They end their flight
one by one–
crows at dusk
Shape-shifting in the gap,
the border of the map a light
of shadowing, not quite
prepared to reunite the tide
with ebb and flow implied
by intervals inside of time,
the pause between the line,
the missing paradigm unfilled,
the end of something. Stilled.
I’m a bit late with my February grid, but I thought it complemented Sue Vincent’s “Low Tide” prompt this week, so I did my own poem in response to both Buson and the photo (above).
Once again, I tried a new poetry form; this one is Vietnamese. It’s called Luc Bat, and you can read about it here.
Clear crystal dew drops
cascade from weeping willows
filling the Koi pond
iridescent circles grow
a frog drinks the falling tears
earthbound sorrow, birds call souls
to return to air
Poets in order of stanza appearance: M. Zane McClellan, Merril D. Smith, Kerfe Roig
Poets for Peace is sponsoring a community renga to promote using words “to light the way” towards a better world. The last stanza of the poem, above, is my contribution this week, adding to the two previous weeks’ stanzas. You have until midnight each Friday to add your own thoughts to the chain, here.
Say “I” loud, often.
Tweet your heart out. Becoming
“alternate”. Facts? Sad.
“…the Trump administration is the first to explicitly claim the ability and right to replace facts with something more convenient that has no basis in reality.”
–Erik Sherman, Forbes
–L. A. Davidson
Born in Montana, Laura Agnes Davidson (1917-2007) traveled and lived all over the world before settling in New York City in the 1960s, where she was introduced to haiku by a friend. As an active member of the Haiku Society of America, she both wrote and advocated for the poetic form she called “an art of evocation”. You can read more about the poet here and here, and read her own thoughts about haiku here.
Laura Davidson Tanna kindly gave me permission to use her mother’s haiku to begin 2017. May we all travel that beautiful highway of stars in the months to come.
haiku © L.A. Davidson from “The Shape of the Tree”
(wait til next year)
baseball has a way…
five golden-armed young pitchers–
can this magic last?
spate of injuries–
hoped to skip only one start–
gone for the season
a sacrifice fly–
put him in the clean-up spot
first major league start–
sometimes faith is rewarded
pitched well yet again
the ever calm elder sage
a pinch-hit grand slam
fastballs and sinkers
keeping the team in the game
seven shut-out innings
turn to the bullpen
(give up runs and you lose games)
his command was poor
bottom of the ninth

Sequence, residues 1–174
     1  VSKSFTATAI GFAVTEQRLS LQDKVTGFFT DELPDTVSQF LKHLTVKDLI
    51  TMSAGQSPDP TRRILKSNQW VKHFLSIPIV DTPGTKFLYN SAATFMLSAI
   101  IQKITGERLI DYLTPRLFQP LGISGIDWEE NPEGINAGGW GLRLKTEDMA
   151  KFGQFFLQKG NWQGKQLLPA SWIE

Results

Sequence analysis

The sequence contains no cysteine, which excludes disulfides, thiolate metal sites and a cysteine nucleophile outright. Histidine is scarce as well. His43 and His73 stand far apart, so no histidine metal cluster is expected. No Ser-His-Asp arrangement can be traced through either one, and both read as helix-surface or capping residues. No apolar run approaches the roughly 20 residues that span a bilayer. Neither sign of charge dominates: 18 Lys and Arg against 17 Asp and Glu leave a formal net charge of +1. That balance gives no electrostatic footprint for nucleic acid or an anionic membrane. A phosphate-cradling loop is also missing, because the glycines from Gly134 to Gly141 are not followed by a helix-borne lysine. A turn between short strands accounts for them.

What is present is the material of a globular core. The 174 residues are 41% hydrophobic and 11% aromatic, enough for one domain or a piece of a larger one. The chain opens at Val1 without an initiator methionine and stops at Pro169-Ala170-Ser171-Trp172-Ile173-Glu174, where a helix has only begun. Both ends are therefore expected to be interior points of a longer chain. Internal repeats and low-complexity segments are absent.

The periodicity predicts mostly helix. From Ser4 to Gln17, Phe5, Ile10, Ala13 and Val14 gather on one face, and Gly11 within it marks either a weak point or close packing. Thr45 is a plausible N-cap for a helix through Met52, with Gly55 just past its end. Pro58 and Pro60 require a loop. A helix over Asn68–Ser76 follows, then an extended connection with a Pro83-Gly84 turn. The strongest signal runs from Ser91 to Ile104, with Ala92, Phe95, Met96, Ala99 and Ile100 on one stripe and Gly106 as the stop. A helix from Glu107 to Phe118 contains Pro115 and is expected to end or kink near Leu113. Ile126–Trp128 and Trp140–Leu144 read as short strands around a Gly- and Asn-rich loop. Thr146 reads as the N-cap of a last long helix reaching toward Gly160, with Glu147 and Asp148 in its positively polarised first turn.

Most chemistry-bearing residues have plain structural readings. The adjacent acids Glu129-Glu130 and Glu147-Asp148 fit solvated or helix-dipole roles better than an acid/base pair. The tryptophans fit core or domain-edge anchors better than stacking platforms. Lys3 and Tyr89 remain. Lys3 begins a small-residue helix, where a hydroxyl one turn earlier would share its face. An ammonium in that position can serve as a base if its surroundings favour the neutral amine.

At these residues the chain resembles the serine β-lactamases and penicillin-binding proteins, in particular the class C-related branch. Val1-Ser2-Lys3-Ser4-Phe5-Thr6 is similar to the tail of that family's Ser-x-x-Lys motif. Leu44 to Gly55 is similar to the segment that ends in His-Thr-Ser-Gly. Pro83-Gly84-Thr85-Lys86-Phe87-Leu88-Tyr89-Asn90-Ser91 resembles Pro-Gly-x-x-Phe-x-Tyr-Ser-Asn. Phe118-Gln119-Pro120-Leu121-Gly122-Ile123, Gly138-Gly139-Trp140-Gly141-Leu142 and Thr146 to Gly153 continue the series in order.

flyout to right, left, center
then it was over
baseball has a way…
the lingering question is–
(the silence in Queens)
All phrases in this haiku sequence taken from sports stories about the Mets in the NY newspapers during the final two months of the 2016 season.
A Hard Rain
has fallen shadowed
by endless endings, ghosts both
multiplied and lost
Yesterday Michael Kimmelman, in a feature article in the NY Times, noted: “Truth be told, no sane person wants to see these images….What’s happening in Aleppo is almost unbearable to look at….
Bana looks us straight in the eye and asks us to save her, please.
We have done nothing to help.
The very least we should do is look back.”
I’ve been working slowly on this embroidery, a companion to the first Syria headline haiku I did, because these images are hard to look at, hard to draw. The first piece, above and below, was done over a year ago, September 2015.
We can turn our eyes away, but that will not make Aleppo disappear.
Yoko Ono placed an ad in the front section of the NY Times on October 9, 2014, John Lennon’s birthday. He would have been 74.
It’s International Day of Peace, so I thought this headline haiku from two years ago would be worth revisiting.
John Lennon’s words seem a perfect fit for Planet Earth, and I collaged the world around them.
the earth is calling–
a tattered net unweaving
life into the void
My original haiku (inspired by the surrealists) was cut from headlines in the newspaper section; the new one was composed this morning as I looked at the image and thought about its message again.
“A dream you dream alone is only a dream.
A dream you dream together is reality.”
So…give peace a chance, world leaders.
Nina is still not ready to get back to art, so we’re taking a blog break. Don’t worry, we will return.
How cool the breeze:
the sky is filled with voices–
pine and cedar trees
Onitsura is one of the masters of haiku, a contemporary of Basho.
For the grid, I painted a landscape in gouache, cut it into squares and rearranged it, and added circles cut from magazine photos on top.